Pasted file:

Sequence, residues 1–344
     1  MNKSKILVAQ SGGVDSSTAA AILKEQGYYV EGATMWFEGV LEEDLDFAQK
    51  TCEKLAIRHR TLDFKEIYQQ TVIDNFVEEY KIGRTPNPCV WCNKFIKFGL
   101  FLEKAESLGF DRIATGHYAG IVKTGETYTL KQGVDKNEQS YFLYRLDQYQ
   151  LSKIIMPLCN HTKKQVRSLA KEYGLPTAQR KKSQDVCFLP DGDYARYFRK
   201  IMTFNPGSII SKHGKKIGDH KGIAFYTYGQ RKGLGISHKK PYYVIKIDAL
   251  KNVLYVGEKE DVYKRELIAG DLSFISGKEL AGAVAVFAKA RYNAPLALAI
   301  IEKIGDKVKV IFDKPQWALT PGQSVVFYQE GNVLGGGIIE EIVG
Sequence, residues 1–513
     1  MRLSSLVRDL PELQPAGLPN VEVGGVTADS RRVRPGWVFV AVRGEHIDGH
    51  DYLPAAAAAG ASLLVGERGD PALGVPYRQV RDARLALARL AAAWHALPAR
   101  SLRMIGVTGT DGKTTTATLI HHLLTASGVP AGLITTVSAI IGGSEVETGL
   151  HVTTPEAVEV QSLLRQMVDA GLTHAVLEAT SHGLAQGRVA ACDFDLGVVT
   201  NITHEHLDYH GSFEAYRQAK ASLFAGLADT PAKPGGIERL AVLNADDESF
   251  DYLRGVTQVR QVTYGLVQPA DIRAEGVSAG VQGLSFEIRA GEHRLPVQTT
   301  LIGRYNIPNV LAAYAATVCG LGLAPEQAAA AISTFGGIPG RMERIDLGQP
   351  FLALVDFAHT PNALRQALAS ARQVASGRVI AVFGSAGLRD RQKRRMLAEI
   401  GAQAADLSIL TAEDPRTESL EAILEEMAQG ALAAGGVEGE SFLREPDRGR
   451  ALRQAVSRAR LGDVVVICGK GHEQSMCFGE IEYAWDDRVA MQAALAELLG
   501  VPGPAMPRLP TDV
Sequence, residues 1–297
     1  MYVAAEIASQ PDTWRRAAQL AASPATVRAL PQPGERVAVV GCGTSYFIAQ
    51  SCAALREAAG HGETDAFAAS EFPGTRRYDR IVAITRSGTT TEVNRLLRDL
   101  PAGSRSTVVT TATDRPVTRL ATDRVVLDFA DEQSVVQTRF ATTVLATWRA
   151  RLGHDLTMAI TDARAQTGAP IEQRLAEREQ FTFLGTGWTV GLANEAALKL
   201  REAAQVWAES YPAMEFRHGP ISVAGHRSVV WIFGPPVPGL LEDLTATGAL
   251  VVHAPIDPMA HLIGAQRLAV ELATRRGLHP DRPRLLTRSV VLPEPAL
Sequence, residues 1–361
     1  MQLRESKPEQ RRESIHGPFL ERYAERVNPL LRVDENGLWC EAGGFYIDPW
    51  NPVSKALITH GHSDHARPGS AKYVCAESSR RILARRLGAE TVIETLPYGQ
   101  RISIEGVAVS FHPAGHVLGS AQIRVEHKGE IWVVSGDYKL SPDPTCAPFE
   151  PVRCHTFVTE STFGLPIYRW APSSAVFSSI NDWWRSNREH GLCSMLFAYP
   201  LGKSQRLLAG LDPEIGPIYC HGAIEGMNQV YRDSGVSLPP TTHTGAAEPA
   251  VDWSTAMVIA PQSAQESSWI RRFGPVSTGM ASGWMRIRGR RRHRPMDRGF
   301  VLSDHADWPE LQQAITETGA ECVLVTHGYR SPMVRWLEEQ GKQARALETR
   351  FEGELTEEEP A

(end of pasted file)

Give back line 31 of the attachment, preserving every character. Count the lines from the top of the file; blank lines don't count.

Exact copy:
   101  RISIEGVAVS FHPAGHVLGS AQIRVEHKGE IWVVSGDYKL SPDPTCAPFE